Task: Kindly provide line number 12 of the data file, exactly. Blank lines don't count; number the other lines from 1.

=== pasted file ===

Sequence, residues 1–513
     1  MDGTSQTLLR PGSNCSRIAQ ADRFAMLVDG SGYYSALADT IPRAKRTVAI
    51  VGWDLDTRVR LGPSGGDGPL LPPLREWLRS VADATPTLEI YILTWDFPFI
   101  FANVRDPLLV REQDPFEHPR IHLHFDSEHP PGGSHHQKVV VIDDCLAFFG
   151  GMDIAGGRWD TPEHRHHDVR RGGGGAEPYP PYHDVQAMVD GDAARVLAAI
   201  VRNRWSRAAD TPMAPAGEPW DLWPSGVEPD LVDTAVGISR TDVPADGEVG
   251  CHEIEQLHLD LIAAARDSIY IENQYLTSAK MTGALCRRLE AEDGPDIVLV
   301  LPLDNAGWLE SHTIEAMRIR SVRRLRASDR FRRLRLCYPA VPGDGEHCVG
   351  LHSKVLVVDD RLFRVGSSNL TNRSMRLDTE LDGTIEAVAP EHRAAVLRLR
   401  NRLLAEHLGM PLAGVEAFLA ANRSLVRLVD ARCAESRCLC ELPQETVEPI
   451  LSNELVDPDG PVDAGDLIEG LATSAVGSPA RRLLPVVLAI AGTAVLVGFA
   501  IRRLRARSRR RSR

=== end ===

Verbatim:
   501  IRRLRARSRR RSR